film development in JOBO multitank : LUSENET : Large format photography : One Thread

Hi Folks, I have a JOBO Multitank 5/2551. It holds to reels of 4*5. Can any one tell me how much developer to put in this thing. I plan on floating it in a tub of water and spinning it by hand. Is there difference in the amount of fluid if I only do one reel of negs? It does have a matrix on the side: 4*5, 8, 560 ml, under 2509. I have no clue as to what that means. Thanks in advance. Also, for this type of development do you knock time off development; I mean, I assume this is constant development. Thanks, David

-- david clark (, March 14, 2000


The Jobo system comes in two varieties, tanks for film, and drums for prints. I think it's only the print drums that are meant to be agitated by spinning, the tanks are more suited to inversion agitation. I've got a load of info on the Jobo system stashed away somewhere, I'll look it out if I can find it.

I bought a Jobo system specifically for 5"x4" processing and was really disappointed with the results. Apart from the fiddly loading, it gave uneven development and foaming marks if all the film-slots were filled. I now use a small sealable stainless-steel deep tank with individual film holders.

-- Pete Andrews (, March 14, 2000.

Your tank will hold 12 4x5 negs and use 560ml. of fluids to develop the film

I recommend you rotate the tank slowly while floating, I use the jobo system the tanks rotate slowly

-- William Jefferson (, March 14, 2000.

See this page:

-- William Marderness (, March 14, 2000.

See this page: http://www.jobo- Specifications

-- William Marderness (, March 14, 2000.

I have no experience with the tank you are using but I use Jobo all the time both with tanks for roll film and expert drums for large format. The expert drums are highly recommended for sheets, surpassing quality of the 4x5 reel/tank system by far. But your tank can very easily be rolls in a tub, contrary to the first post. Rotary processing is an extremely even, accurate way of processing but frought with procedural problems like with any method. Once you get your hand rotation down it should work beautifully. I have an ATL 2 and it contributes speed, evenness, accuracy and chemical tempering, but not much else if your hand rotation skill are honed. For me there isn't a better way to process. I use BTZS tubes for really big stuff and on the road, but always come home to my Jobo happily.

As for amounts, the other posts were right on and I can't add to it. For sheet film, if you can gauge it somehow, rotation is best at about 75rpm. Roll film, in Jobo, is done at a higher rate...100 rpm.

-- Rob Tucher (, March 17, 2000.

I use the Jobo system with inversion agitation for B&W work. Rotary processing isn't particularly recommended for B&W because of potential streaking. A lot of things, such as developer, can influence wheter or not rotary works well with B& W, so I just avoid the problem by not using rotaty processing.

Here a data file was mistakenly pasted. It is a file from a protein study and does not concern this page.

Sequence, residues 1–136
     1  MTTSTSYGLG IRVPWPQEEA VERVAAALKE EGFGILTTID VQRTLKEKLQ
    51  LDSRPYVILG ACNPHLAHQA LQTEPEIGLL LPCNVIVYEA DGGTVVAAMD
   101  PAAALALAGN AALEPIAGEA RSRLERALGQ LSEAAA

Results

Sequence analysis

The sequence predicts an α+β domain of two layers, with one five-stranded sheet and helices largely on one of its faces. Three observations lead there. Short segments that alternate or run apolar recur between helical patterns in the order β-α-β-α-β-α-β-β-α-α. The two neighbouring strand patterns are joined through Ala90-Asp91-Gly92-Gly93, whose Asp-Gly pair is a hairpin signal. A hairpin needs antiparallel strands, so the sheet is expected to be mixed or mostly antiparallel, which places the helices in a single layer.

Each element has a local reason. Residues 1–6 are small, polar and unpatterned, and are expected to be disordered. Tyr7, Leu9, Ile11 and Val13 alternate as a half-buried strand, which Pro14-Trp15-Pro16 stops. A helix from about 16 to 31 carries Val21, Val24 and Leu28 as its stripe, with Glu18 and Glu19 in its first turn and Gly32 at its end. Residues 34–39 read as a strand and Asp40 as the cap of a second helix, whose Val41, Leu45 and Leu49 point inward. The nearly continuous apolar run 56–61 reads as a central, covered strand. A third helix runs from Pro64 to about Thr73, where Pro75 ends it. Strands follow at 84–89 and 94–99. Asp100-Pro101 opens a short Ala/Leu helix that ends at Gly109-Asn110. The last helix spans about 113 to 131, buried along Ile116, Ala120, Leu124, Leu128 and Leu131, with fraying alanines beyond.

With inversion agitation, I never get any streaking. I load only the bottom reel, and use the top to keep the lower one down. (I'm going to cut a piece of plastic pipe to do this when I get around to it.)

An article in one of the good darkroom magazines, a few years back, indicated the success of using stainless tanks for roll film, with twice as much tank height as the film took up, and just enough developer to cover the reels. During inversion, all the developer moves to the top, allowing full intermixing of depleted and fresh developer, and full flow past the reels and film edges. My approach with the Jobo duplicates this effect. I've never had any agitation problems as a result.

I measured 1.4 liters as the minimum to completely cover the lower reel, so that is what I use. Since this is a lot of liquid I've tried two approaches: very dilute developer one-shot developers and reusing full strength developers. The second approach really requires replenishment or adjusting times for the number of films previously processed. The first approach is easier and more likely to give consistent results, so I recommend it. Try Xtol at 1:3. Kodak publishes times for this dilution. You could use other highly diluted developers but you'll have to test for the proper time.

If you try the rotary process:

1. Make sure you use enough developer concentrate for the film area you are processing. You can breakdown the capacity. For example, if it says 1 quart will process 10 8x10 sheets. for 6 sheets of 4x5 you need 32 ounces divided by 10 (to get ounces per 8x10 sheet) multiplied 1.5 (6 sheets of 4x5 = 1.5 sheets of 8x10) or 4.8 ounces of the stock as a minimum. You need to do this calculation as well if you are doing inversion processing.

2. Make sure the developer (straight or diluted) covers the film when the tank is horizontal. This is probably the volume indicated on the tank, and it doesn't matter if you use one or 2 reels, since the volume of the film itself is inconsequential. You're just trying to cover all the film with the developer puddle.

Best of luck, Charlie

-- Charlie Strack (, March 21, 2000.

Moderation questions? read the FAQ